Home > Media > News Stories

Media

News Story Archive



Posted 8/19/2016

Bookmark and Share Email Print

By Terry Winschel
U.S. Army Engineer Research and Development Center, Historian


Introduction

Engineers in Union blue and Confederate gray played a prominent role in the Vicksburg campaigns of 1862-1863. Although their contributions have largely gone unnoticed in published works on the campaign, the stories of these men and the fatigue parties that toiled under their supervision are worthy of note and will be detailed in this series of articles.

Part Two: Gibraltar of the Confederacy

Early in 1862, Union land and naval forces moved with a vengeance from two directions in a massive converging attack to wrestle control of the lower Mississippi River from the Confederates. Driving south from Cairo, Illinois, Federal forces—including the first ironclad gunboats launched in the Western Hemisphere, seized Forts Henry and Donelson on the Tennessee and Cumberland Rivers, respectively, and opened pathways of invasion to the Deep South. Continuing the drive, Union forces gained victory at Shiloh in April, Corinth in May, and having forced the surrender of Island No. 10, seized Memphis in June. In the Battle of Memphis--the only fleet action of the Civil War, the Confederate River Defense Fleet was destroyed, which opened the river south to Vicksburg.

Moving upriver from the Gulf of Mexico were the ships of the West Gulf Blockading Squadron commanded by Flag Officer David Glasgow Farragut. His ships bombarded and passed Forts Jackson and St. Philip on April 24 and compelled the surrender of New Orleans. (The Crescent City was the largest city in the Confederacy and boasted a wartime population of 160,000 souls.) Continuing upriver, Baton Rouge fell to the Federals on May 8, Natchez, Mississippi, four days later, and the flotilla steamed on toward Vicksburg.

Knowing that it was only a matter of time before war in all its horror centered on Vicksburg, residents of Mississippi’s second-largest city braced themselves. Hundreds even fled the city and sought shelter in the state’s interior. Mrs. Anne Broidrick noted of those who remained behind, that the people “walked the streets aimlessly, as one does when troubled, with bowed heads and saddened mien.”

“It was like the slaying of the first born of Egypt,” she observed. “Sorrow was in every house.”

As the Union pincers slowly closed along the river, the terror-stricken residents soon took heart as Confederate authorities decided to fortify the “Hill City”—as Vicksburg is known. The city’s strategic significance greatly increased after the fall of New Orleans and Memphis, as Vicksburg then became the northernmost point below Memphis where the bluffs met the river. (Confederate president, Jefferson Davis, long a resident of Warren County, referred to Vicksburg as “the nail head that held the South’s two halves together.”) Nestled along the east bank of the Mississippi River and built along bluffs that tower almost 300-feet above a horseshoe-shaped bend of the river, Vicksburg’s geographical location made it ideal for defense. Equally important, rail lines that connected Vicksburg to Jackson and, via Jackson, points elsewhere in the Confederacy, enabled the shipment of heavy ordnance to the “Hill City.” But would the guns arrive and could they be mounted in time to meet the approaching threat?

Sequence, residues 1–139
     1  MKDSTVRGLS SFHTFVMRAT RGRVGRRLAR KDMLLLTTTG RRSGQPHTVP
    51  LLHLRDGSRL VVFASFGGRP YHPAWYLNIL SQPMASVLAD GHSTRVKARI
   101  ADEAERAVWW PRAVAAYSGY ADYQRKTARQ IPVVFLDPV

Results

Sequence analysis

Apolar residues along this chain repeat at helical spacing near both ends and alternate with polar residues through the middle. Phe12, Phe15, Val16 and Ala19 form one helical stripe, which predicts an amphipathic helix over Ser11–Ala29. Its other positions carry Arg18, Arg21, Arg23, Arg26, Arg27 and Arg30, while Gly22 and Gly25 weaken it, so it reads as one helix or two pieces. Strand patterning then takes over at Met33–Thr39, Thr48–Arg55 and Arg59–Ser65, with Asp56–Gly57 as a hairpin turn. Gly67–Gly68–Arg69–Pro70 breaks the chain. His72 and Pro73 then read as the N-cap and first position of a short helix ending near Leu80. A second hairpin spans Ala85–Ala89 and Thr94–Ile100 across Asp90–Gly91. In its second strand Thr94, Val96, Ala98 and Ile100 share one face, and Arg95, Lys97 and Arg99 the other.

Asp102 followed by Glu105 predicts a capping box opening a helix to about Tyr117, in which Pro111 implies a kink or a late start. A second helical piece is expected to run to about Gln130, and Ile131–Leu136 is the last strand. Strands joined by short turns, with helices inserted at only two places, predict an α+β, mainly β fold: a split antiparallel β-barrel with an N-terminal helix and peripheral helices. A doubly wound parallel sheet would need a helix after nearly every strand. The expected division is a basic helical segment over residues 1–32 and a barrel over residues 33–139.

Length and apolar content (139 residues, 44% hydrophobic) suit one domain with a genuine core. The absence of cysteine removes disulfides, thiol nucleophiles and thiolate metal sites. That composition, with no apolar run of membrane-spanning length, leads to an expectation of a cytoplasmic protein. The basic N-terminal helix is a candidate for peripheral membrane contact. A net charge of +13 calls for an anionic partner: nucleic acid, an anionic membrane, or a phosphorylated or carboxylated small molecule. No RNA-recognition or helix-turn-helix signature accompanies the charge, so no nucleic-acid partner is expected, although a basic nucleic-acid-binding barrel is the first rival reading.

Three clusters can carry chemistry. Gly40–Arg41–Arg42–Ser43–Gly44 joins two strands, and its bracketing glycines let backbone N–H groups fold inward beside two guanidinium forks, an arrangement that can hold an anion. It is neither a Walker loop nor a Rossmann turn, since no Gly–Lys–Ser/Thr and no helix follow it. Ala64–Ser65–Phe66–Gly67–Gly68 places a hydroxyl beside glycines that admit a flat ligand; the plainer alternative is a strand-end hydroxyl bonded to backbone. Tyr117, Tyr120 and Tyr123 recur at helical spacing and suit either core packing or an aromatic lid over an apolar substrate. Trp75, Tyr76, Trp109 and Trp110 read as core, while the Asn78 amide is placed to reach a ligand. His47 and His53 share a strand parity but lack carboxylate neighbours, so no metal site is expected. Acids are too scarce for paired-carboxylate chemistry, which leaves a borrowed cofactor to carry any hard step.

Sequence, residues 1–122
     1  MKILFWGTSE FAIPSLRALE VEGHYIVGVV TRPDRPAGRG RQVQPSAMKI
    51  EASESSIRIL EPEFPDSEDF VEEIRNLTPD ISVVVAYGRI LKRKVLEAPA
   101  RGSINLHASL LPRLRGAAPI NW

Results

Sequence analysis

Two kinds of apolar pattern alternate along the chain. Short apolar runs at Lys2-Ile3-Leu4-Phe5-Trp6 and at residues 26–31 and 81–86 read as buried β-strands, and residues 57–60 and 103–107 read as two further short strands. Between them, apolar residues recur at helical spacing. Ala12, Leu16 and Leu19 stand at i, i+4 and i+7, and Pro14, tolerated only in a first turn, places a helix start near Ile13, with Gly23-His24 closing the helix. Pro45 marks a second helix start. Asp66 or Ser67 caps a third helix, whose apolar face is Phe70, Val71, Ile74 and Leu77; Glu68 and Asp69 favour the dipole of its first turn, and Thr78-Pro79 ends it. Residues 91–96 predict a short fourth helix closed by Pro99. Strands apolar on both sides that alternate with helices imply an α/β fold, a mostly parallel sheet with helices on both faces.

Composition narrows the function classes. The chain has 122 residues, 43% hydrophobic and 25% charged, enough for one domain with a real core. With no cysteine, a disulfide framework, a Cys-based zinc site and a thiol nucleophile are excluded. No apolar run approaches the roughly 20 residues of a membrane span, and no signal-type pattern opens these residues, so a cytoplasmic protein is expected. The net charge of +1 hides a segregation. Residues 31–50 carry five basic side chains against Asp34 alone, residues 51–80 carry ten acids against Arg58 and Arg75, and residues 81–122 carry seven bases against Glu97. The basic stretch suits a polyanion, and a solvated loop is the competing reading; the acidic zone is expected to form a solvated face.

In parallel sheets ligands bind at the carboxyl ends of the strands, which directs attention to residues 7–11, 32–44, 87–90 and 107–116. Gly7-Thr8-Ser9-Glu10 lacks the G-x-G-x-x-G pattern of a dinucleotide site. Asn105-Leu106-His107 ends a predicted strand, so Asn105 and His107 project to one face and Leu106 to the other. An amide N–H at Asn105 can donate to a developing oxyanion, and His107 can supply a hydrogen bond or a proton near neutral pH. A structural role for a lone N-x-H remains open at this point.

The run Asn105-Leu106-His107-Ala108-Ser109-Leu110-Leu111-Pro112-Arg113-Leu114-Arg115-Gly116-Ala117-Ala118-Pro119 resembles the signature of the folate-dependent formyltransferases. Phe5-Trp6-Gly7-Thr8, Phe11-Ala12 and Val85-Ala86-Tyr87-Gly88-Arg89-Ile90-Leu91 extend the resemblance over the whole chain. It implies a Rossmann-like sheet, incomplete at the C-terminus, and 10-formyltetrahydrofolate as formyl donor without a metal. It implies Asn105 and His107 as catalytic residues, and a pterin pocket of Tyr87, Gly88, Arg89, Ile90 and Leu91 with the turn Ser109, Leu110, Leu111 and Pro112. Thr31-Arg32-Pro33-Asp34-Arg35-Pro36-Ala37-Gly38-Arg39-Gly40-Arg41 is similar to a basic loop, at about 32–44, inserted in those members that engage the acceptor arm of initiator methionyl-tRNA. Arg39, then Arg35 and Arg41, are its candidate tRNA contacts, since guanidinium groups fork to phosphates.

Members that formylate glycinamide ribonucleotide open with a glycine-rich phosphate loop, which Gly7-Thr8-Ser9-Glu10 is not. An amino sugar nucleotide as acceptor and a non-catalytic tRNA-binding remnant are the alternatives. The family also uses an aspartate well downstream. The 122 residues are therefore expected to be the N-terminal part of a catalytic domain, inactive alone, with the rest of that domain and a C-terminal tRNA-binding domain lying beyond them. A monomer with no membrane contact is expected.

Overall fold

To the great relief of its citizenry train loads of soldiers clad in butternut and gray poured into Vicksburg and began construction of batteries to command the great river. Confederate engineers and artillerists worked feverishly to convert the city into a powerful bastion and it was not long before Vicksburg became known as the “Gibraltar of the Confederacy.” As the approaching Federals were to discover, Vicksburg would prove a tough nut to crack.

Installment #2:
Confederate President Jefferson Davis: Confederate president Jefferson Davis, longtime resident of Warren County, referred to Vicksburg as the “nail head that held the South’s two halves together.” (USACE photo by Mike W. Petersen)

Flag Officers David Glasgow Farragut: After initial success at New Orleans, Baton Rouge, and Natchez, Flag Officer David Glasgow Farragut led the ships of his West Gulf Blockading Squadron upriver to Vicksburg, but was unable to compel the city’s surrender. (USACE photo by Mike W. Petersen)

Union ironclads in action: Joining Farragut at Vicksburg were the ironclad gunboats of the Western Flotilla fresh from their victory at Memphis. But even with these revolutionary warships, the U.S. Navy met with dismal failure at Vicksburg in the summer of 1862. (Library of Congress)

ERDC historical USACE Winschel